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Chevron Suspends Methanol Program

April 2, 1992

SAN FRANCISCO (AP) _ Chevron Corp. announced it will discontinue plans for a network of methanol pumps in California, citing low demand, air quality concerns and improved alternate fuels.

The company initially planned to build as many as 25 methanol stations, but will stop expansion with 10 that are operating and four that are being built.

″Other fuels, such as a natural gas, are beginning to show strong potential to meet strict low emissions standards imposed by the California Air Resources Board,″ the company said in a statement Wednesday.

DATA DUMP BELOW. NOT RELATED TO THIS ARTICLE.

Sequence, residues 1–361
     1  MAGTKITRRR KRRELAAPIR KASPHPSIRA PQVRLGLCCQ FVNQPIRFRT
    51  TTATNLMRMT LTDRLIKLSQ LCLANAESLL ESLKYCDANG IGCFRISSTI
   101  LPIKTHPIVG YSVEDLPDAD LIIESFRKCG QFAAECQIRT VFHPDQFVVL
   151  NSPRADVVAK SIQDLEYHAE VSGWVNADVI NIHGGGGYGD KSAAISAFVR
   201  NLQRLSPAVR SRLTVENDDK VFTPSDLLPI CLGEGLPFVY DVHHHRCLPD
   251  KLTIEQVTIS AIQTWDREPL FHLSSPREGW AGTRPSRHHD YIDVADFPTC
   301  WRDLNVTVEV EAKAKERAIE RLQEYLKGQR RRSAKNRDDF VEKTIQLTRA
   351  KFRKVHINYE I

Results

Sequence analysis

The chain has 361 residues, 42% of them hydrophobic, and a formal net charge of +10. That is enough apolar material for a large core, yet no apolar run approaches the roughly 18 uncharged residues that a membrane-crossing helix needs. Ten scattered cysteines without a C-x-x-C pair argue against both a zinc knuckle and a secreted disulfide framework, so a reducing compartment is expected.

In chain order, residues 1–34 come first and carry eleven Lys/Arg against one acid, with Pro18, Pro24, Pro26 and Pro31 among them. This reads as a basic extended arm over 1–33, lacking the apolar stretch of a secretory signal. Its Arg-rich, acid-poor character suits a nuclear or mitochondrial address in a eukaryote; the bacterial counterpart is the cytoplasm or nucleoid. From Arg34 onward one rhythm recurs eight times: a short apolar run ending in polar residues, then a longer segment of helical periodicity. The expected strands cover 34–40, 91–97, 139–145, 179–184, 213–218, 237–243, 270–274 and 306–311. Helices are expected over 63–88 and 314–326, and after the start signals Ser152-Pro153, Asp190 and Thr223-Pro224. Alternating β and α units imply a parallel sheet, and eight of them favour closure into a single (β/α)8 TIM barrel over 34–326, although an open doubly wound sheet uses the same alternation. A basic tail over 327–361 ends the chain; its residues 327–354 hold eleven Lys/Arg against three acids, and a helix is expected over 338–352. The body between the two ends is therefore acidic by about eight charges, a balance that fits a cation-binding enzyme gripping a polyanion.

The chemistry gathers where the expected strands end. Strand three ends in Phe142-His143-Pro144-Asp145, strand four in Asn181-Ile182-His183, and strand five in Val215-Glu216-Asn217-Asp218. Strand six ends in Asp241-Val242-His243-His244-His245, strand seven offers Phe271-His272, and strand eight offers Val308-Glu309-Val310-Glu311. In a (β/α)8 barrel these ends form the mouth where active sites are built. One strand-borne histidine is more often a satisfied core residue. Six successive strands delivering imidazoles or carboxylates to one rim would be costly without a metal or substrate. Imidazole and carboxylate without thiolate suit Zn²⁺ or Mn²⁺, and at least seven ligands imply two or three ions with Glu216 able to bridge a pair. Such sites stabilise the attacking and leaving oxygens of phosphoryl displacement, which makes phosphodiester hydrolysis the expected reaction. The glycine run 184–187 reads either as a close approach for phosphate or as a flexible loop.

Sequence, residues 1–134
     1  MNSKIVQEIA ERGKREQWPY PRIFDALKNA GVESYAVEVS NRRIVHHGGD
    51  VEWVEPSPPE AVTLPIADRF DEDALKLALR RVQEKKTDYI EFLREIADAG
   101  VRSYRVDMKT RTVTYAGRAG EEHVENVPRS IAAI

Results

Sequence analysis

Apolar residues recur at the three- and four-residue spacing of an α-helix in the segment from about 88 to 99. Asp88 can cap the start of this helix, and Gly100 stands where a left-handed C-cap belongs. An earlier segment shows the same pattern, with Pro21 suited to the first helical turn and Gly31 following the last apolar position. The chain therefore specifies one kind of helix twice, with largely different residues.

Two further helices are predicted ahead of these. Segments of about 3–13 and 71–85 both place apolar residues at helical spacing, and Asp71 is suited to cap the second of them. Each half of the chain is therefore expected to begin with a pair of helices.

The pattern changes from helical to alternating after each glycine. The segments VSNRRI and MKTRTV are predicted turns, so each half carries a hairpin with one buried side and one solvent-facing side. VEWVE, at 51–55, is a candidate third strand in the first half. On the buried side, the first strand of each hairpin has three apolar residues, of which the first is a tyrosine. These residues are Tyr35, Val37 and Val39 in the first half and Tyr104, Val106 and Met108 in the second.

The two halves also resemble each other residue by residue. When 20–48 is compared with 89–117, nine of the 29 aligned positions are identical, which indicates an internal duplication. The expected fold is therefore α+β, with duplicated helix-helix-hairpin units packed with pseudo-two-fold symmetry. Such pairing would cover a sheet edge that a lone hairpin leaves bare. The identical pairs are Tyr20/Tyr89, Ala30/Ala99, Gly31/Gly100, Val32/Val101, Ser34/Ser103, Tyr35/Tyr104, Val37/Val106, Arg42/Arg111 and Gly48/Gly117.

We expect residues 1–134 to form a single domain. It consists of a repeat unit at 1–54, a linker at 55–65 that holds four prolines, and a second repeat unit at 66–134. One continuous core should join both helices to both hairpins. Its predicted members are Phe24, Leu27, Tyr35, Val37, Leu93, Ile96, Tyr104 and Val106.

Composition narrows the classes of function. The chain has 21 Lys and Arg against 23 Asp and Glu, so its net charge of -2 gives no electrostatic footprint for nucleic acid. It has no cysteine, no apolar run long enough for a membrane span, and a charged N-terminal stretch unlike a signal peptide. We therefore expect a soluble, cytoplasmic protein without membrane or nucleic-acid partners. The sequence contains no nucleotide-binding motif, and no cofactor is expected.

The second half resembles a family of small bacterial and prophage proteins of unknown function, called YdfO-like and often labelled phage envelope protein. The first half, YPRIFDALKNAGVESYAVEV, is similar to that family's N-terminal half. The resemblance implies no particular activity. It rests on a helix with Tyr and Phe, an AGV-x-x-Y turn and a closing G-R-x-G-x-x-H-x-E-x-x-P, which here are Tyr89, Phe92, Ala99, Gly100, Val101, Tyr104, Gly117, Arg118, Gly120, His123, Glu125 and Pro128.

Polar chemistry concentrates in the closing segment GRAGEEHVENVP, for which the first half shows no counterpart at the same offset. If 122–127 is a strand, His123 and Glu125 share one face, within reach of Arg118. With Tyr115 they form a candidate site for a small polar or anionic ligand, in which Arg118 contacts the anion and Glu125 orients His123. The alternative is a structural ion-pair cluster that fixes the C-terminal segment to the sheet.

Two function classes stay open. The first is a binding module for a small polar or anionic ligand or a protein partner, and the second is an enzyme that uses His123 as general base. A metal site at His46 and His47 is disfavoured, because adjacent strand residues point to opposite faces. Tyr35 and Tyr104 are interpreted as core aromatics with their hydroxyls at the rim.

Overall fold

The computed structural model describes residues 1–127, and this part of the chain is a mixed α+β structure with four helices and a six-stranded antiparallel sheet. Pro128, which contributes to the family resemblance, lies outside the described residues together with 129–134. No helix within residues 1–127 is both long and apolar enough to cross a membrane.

Questions still remained about methanol’s toxicity, cost and limited range, as well as its impact on ozone formation.

Chevron entered into an agreement with the California Energy Commission in 1988 to determine the commercial feasibility of methanol as an alternative fuel.

The original plan for 25 outlets were intended to service about 5,000 ″flexible-fuel vehicles,″ said Dave Hoyer, president of Chevron U.S.A. Products Co.

He said the number of such vehicles has remained constant at about 600, and the average sale at each station has maintained at 18 gallons per day.

Methanol, also known as wood alcohol, costs less than ordinary gas but ″it takes 1.8 gallons of it to go as far one gallon of gas,″ said Chevron spokesman Mike Libbey.

It is also necessary to convert an engine to handle the fuel.

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